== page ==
1)  Do nothing. Kids and adults need the rejuvenation that comes from discovering the pleasure of doing something silent and alone.  Summer gives everyone the opportunity.  So every once in a while, the answer to "What are we going to do today?" is "Get a book, get a blanket, get an apple." and the long lovely quiet of being alone and finding yourself good company. 

Happy Summer!  It's almost 9, so it's time to turn off my machine. 

 

Sunday, June 15, 2014

Fishing

My dad took me every year from the time I was about 7 to go fishing on my birthday. We'd get up around 5:30, I'd throw on a swimsuit, jeans, sneakers and a baseball hat. My mom would insist I wear a long sleeved shirt. We'd spray bug spray and lather with sunscreen but get burnt and bit anyway. Dad would pack cokes and water and grapefruit juice that came in small tin cans and tasted to me like they might be simply liquid can, he'd also freeze a snickers bar each, an...d have grapes and sandwiches ready to go.

He'd drive us to get the live bait while I filled the fish cooler with saltwater and chunks of ice. We'd then go back to right in front of the house and set up shop with our chairs, four poles and the tackle box. He and I'd spent the evening rigging them, two with lures, one top, one bottom, and two with corks, one deep, one shallow. We'd start with live bait, and move to the lures if the water looked muddy or we ran out of bait because of catfish and crabs.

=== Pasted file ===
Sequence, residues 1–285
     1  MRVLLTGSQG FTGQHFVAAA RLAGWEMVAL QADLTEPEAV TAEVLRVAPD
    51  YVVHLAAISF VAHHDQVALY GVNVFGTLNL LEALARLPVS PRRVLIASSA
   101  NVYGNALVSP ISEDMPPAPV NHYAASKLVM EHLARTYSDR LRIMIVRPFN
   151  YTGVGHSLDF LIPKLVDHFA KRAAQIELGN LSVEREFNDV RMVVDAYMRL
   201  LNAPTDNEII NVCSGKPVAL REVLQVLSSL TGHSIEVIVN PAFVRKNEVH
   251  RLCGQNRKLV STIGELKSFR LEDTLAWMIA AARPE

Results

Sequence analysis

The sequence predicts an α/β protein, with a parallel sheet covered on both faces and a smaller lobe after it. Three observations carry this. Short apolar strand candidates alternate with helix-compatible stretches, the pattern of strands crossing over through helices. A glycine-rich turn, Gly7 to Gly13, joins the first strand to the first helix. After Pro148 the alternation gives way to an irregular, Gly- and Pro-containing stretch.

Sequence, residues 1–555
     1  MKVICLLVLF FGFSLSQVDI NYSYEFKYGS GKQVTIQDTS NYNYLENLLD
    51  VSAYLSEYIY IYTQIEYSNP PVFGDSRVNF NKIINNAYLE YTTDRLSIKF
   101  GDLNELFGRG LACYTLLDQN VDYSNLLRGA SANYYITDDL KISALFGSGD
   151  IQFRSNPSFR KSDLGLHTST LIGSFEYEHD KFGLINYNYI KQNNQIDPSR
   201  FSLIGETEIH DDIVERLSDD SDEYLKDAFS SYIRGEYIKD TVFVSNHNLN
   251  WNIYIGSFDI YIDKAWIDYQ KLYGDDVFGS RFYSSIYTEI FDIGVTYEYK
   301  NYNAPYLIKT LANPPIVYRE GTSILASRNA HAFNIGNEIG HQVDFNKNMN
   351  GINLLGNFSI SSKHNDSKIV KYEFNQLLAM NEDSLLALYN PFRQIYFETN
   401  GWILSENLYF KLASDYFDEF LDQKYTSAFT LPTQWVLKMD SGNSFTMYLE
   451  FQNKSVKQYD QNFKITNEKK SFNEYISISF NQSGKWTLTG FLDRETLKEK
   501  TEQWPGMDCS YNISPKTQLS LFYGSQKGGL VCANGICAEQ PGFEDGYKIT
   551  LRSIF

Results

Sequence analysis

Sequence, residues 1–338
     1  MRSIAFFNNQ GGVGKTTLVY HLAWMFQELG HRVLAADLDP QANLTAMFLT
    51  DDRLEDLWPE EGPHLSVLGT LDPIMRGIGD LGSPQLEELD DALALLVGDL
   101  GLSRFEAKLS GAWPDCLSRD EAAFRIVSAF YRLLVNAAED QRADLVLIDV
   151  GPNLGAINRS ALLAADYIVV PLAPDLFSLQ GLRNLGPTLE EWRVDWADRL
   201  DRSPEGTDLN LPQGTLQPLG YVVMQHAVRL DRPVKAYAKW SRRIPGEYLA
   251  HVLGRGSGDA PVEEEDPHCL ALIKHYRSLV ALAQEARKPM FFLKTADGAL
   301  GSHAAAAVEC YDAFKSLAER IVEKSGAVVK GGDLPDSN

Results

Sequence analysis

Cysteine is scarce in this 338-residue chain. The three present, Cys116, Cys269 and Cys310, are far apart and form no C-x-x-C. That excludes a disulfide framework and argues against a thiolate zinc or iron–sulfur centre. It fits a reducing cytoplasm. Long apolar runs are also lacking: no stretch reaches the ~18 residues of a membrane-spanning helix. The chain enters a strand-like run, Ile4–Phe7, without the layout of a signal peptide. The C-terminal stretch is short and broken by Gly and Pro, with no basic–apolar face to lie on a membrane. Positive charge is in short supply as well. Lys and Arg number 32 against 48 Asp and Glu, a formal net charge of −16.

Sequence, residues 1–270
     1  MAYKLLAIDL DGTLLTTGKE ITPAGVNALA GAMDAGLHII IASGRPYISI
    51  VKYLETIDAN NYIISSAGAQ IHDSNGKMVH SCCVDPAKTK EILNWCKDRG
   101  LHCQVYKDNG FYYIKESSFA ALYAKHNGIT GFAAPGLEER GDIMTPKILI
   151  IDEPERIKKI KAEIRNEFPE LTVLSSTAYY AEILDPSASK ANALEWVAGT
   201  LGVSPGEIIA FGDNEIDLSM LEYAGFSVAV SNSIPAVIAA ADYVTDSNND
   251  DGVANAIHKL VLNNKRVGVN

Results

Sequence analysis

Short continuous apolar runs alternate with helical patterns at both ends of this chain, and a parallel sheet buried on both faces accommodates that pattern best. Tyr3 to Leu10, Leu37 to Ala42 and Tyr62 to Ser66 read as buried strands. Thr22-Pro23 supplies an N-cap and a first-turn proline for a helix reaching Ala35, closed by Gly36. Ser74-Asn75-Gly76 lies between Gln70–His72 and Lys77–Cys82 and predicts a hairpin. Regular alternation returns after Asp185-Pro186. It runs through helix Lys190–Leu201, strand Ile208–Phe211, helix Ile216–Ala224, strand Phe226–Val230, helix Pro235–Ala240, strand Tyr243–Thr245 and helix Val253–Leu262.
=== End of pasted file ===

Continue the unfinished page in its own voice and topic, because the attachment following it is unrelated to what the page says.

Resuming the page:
Now I'm supposed to use only the lure, because my hands swell for days after I handle live shrimp. I'd promise myself, I'd make myself remember the four days of holding ice and sucking down Benadryl, but eventually, the prospect of catching fish would overwhelm all common sense and I'd be grabbing those shrimp and searching for the fattest one so I could catch the biggest fish.

We'd fish through all the bait. We'd catch a few, talk about making gumbo, about when we caught 5 speckled trout, about the big red over 40 pounds I pulled in one summer, and the times we got skunked. We'd curse backlashes and faulty casts and compliment when we threw a beauty. Somewhere around 11, we'd break out the food, ravenously hungry, but the surf would call again, though my dad would mess around with the big fishing rods, casting and then walking back to shore. We'd stay until I got tired, which he knew was some time around 1:30-2. Then we'd load up and drive back, he'd make me gut anything I caught before going in because he knew I'd shower, eat and crash. You catch, you clean. That's the rule.
After a three hour nap, Mom would wake me for Birthday dinner. It was always the same, always perfect and always what I wanted; sandy hot dogs cooked over a fire on the beach with frito pie as a side and Texas Sheet Cake with vanilla ice cream for dessert, all washed down with a coke, or when I got older, a pina colada. It never mattered (well it did but it didn't), if we caught anything or not, I always loved those days. A bad day fishing beats a good day doing almost anything else I thought. I'd give anything for one more bad day fishing with my dad.

But it's been years since I've been able to really fish, owing to small children, living half the country away, and now, we are separated by death. I have a rod he commissioned for me for my birthday nine years ago. Life has allowed it to remain rarely touched. It's in the garage but I've resolved, this year, I'm going to go and get a line in the water.
Miss you Dad.

Leaving a comment is a form of free tipping. But this lets me purchase diet coke and chocolate.

If you sneak my work, No Chocolate for You!